NEVER NEVER GIVE UP (A Sunday with the Kaibigan ng mga Kabataang may Kanser)

What I’m being hesitant about joining organizations for a cause is I get too emotionally attached with people I get involved with. Their stories touch me. Although I’m not a mushy person; but deep inside, my heart wants to explode sometimes.

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I was in the middle of blogging when my friend Rome from the Mirror Poetry Guild called me up and told me to join the storytelling activity for the KKK (Kaibigan ng mga Kabataang may Kanser). Though I already knew all about it, I was kind of lazy to go out because of the heavy rain. And yes, I didn’t have any children’s stories to tell. But when she told me that one member couldn’t make it, I got no choice but to brave the rain and find M.H del Pilar Street in Jaro. So I took the taxi and told the driver to take me wherever M.H del Pilar is, and thankfully, I found Rome waiting for me in front of the parish church.

The mass was still ongoing when we entered the church. It’s weird that I felt a certain vibe while attending the mass, and seeing all those kids set me on the right mood. Added up when the parishioners gave one another the sign of peace and the parish priest approached and kissed and hugged us all. What a strong fellowship they’ve got there in that parish. Anyway, when the mass ended, the Prayer Warriors (that’s what they call kids who offer prayers to the kids with cancer) paid tribute and the priest led the prayer for the cancer victims who passed away. It was a heartwarming scene, and a moving one, which I only see on TV. But having this personal experience with these people lashed a bittersweet feeling, knowing that their lives in this world are being counted. I just couldn’t imagine the pain these kids have to go through young as they are. And I also admire those volunteers who serve as their strength during the rough times. Always telling them Never Never Give Up. That statement actually reminded me of Jason Mraz in his blog titled “Never Never Never Give Up” where he joined a fun run to help raise funds for an organization which helps those with spinal cord injuries. I guess, each one of us is called for a certain advocacy. I’m deeply honored that the KKK invited the Mirror Poetry Guild to collaborate with them in this event. I’m also glad that I counted myself in.

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After we left the church, we headed straight to Jollibee Diversion for lunch. The kids were already there when we arrived. Being in that fast food chain became a special moment for them. It even became more special because Toni Bulilan, the owner of Toninos Ristorante celebrated his birthday with these kids. The kids were delighted with goodies and a storytelling from Rome. They enjoyed answering questions out of the story their Manang Rome told them. While we waited for the other guests, I got the chance to meet Mariel, a three year old girl who’s suffering from sarcoma of the eye. Such a shy kid. A volunteer told us that Mariel had it when she was just a baby. I just couldn’t imagine how in her frailty and innocence she’s able to muster her grip in order to survive her ordeal.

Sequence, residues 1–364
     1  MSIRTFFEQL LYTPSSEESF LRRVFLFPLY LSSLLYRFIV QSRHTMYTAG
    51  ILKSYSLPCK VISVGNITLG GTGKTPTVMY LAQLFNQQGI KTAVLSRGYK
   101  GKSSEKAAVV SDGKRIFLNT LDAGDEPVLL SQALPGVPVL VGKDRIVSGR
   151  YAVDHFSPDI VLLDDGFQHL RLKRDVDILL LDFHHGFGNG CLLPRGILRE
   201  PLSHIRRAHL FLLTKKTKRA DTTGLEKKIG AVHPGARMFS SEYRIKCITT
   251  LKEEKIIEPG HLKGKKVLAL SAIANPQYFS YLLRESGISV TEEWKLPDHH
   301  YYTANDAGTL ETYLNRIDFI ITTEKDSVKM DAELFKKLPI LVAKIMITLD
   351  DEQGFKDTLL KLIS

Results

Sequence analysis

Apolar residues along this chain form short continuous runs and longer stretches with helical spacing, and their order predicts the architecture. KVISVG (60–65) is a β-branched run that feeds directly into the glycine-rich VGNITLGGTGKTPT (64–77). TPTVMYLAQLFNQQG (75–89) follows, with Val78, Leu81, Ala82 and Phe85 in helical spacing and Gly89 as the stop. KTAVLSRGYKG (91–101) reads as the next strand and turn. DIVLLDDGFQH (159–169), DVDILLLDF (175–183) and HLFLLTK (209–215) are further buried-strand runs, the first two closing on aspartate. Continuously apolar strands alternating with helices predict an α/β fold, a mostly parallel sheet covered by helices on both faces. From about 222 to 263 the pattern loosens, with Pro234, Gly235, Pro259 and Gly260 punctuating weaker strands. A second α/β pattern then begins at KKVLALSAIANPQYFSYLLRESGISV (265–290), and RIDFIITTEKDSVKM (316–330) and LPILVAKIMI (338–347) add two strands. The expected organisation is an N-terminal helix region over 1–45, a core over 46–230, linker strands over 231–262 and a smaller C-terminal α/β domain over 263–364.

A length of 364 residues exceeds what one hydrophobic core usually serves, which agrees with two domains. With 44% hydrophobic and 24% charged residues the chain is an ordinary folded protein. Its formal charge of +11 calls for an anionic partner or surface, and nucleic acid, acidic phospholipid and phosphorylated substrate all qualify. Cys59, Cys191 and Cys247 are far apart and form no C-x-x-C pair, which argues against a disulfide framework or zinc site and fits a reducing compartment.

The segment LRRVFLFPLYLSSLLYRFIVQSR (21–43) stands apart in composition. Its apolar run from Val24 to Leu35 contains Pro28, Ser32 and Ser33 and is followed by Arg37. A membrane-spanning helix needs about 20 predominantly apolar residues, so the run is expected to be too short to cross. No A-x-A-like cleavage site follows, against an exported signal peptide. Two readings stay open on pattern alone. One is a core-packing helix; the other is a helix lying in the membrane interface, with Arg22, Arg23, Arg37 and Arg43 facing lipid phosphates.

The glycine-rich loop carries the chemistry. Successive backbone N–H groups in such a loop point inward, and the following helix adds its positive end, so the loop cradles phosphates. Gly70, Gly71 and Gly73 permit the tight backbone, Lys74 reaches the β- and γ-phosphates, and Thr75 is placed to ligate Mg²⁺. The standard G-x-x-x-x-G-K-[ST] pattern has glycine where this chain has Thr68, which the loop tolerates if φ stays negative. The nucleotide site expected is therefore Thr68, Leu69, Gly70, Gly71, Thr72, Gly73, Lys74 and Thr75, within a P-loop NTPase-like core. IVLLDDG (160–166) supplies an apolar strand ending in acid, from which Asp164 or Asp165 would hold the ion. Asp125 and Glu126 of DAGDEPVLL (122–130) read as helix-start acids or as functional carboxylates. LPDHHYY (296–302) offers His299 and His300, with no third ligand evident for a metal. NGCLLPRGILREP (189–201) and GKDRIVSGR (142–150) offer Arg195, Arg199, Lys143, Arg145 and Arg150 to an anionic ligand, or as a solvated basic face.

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The fun continued with some games where all the kids joined. Again, I found it poignant, despite the fun, when the host asked the kids what they want to be when they grow up. And I just had to leave.

Yes, what I’m being hesitant about joining organizations for a cause is I get too emotionally attached with people I get involved with. Their stories touch me. Although I’m not a mushy person; but deep inside, my heart wants to explode sometimes. But then again, this day was quite unforgettable. Inspiring. Bittersweet as it was, I knew that, in behalf of our group, we had done our part to make these kids happy by sharing a little of what we have. I’m certain that this will not be the last. Again, the Mirror Poetry Guild is grateful to the KKK President Dr. Socorro Martinez and to the volunteers for making us a part of their noble work.

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